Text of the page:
Claude Shannon

Wednesday May 7th, 2014
Presentation at 4:00 P.M.

RSVP Requested
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Huang Engineering Center, Room 300
475 Via Ortega, Stanford University, CA

Parking Generally Free In Nearby Lots After 4:00 pm

Let's Not Dumb Down the History of Computer Science

Dr. Donald Knuth
Professor Emeritus of the Art of Computer Programming
Stanford University

This is the 2014 Kailath Lecture


    For many years the history of computer science was presented in a way that was useful to computer scientists. But nowadays almost all technical content is excised; historians are concentrating rather on issues like how computer scientists have been able to get funding for their projects, and/or how much their work has influenced Wall Street. We no longer are told what ideas were actually discovered, nor how they were discovered, nor why they are great ideas. We get only a scorecard.
    Similar trends are occurring with respect to other sciences. Historians generally now prefer “external history” to “internal history,” so that they can write stories that appeal to readers with almost no expertise.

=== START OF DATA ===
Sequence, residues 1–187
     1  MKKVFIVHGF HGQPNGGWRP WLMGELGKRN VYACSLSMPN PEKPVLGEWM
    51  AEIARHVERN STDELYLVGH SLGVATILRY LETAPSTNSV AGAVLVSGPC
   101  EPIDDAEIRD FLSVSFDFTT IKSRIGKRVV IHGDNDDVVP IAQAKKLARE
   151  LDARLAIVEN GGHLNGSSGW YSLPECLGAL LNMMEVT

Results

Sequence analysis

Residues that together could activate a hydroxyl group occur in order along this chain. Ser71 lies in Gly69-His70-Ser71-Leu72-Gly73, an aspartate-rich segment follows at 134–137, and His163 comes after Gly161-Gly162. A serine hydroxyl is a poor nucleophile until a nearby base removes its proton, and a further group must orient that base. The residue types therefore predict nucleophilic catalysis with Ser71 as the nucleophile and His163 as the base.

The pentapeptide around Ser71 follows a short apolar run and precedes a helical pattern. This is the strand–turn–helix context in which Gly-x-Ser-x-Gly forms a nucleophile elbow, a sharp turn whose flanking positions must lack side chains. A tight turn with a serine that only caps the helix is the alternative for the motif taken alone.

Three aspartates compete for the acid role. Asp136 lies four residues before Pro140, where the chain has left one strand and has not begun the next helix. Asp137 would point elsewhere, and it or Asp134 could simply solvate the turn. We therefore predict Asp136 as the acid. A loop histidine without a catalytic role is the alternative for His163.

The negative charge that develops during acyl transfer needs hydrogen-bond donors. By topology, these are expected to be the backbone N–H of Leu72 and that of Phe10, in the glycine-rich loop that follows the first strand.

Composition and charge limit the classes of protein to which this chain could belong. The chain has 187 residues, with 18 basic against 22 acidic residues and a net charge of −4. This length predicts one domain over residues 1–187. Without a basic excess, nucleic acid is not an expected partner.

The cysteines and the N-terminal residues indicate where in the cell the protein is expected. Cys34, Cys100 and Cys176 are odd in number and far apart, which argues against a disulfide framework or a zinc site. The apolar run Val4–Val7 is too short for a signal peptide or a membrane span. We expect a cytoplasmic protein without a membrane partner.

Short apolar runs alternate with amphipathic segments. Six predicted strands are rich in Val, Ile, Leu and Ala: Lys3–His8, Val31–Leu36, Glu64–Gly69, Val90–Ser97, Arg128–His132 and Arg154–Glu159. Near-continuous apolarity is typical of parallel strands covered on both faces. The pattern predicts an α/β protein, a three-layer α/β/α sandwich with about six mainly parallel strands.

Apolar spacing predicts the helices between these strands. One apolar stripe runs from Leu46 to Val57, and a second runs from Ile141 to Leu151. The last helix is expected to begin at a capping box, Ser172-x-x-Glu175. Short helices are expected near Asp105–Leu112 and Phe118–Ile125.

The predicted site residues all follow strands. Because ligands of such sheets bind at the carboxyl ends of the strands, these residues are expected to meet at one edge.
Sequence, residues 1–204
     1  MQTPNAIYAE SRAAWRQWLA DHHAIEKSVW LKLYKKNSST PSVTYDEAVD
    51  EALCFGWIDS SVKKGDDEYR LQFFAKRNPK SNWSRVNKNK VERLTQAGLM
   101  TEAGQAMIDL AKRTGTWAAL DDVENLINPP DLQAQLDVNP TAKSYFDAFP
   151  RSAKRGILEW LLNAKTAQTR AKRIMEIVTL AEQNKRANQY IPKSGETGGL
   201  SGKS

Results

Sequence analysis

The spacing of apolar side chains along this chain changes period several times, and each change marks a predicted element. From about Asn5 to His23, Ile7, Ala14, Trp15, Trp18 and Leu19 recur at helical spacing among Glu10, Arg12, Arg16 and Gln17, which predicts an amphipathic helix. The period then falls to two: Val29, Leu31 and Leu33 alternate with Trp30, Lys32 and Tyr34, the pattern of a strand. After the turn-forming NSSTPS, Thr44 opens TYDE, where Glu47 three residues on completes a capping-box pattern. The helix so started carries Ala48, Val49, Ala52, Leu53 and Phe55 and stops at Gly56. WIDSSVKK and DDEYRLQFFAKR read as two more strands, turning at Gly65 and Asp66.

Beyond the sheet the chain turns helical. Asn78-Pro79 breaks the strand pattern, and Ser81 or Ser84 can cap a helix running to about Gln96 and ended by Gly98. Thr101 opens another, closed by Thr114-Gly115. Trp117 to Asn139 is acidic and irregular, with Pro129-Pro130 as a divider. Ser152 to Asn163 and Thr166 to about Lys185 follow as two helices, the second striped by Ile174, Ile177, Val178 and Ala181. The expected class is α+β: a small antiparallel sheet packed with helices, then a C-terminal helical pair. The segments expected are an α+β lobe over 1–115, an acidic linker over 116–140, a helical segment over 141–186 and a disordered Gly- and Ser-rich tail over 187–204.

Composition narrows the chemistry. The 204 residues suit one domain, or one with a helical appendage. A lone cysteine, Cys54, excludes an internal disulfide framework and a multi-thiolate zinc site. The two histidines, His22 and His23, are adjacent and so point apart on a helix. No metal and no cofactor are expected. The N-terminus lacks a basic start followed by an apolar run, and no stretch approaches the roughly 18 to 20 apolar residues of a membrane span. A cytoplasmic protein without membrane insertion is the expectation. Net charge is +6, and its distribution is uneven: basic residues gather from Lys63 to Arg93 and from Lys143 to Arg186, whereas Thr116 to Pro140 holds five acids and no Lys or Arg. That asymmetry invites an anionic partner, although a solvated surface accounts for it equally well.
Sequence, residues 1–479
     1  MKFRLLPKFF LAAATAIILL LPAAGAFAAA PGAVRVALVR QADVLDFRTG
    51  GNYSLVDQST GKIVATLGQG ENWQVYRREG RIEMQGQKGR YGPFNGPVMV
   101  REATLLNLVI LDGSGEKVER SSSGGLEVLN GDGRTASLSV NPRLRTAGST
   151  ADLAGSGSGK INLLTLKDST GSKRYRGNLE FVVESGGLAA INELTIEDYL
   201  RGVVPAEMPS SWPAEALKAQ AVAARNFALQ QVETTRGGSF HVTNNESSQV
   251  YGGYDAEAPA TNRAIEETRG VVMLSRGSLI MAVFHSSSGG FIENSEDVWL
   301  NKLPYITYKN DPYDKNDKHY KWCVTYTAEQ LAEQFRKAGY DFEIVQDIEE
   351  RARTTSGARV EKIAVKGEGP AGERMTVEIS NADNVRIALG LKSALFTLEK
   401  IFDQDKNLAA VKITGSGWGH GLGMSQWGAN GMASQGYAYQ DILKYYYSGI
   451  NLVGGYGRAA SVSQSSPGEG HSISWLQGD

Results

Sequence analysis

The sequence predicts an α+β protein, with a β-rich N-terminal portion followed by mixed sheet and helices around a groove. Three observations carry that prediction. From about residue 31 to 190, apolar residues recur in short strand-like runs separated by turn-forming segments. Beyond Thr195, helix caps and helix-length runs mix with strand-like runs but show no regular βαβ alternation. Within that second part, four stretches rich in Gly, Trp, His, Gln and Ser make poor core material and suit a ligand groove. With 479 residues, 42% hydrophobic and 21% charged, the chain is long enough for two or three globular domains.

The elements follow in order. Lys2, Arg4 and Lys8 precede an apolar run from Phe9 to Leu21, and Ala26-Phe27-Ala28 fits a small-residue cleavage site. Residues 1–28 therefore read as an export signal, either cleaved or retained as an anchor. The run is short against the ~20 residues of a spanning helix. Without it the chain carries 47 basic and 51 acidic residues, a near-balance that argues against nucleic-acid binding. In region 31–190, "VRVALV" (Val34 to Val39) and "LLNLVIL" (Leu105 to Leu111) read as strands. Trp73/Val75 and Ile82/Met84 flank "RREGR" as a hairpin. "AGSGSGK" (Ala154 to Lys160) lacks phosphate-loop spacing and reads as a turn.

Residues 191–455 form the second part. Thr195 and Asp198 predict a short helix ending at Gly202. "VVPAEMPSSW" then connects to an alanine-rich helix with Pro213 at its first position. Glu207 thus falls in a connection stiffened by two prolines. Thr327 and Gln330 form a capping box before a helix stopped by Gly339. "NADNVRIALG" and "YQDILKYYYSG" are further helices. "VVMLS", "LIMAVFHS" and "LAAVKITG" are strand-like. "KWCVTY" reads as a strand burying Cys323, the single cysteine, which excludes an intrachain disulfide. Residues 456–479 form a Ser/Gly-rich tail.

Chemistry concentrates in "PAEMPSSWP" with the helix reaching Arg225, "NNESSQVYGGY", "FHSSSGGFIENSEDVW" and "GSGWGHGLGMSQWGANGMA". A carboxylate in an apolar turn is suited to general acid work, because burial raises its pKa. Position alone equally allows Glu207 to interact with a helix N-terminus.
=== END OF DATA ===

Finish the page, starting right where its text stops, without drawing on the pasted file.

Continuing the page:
Historians of mathematics have thankfully been resisting such temptations. In this talk the speaker will explain why he is so grateful for the continued excellence of papers on mathematical history, and he will make a plea for historians of computer science to get back on track.


Photo of Pr. Donald E. Knuth Pr. Donald E. Knuth has been working since 1962 on The Art of Computer Programming, a series of books that attempts to organize and explain many of the most important methods that are used inside of computers and to trace the interesting history of their development. Four volumes of that series have been published so far, and he also has more than two dozen other books in print. Moreover, Knuth has written a popular software system called TeX, to facilitate and enhance the publication of books that are being written by everybody else.
    Among the honors he has received for this work are the ACM Turing Award, the National Medal of Science, the Kyoto Prize, and the BBVA Frontiers of Knowledge Award. [In fact, he is one of Stanford's stars, because the minor planet (21656) Knuth has been named after him!]



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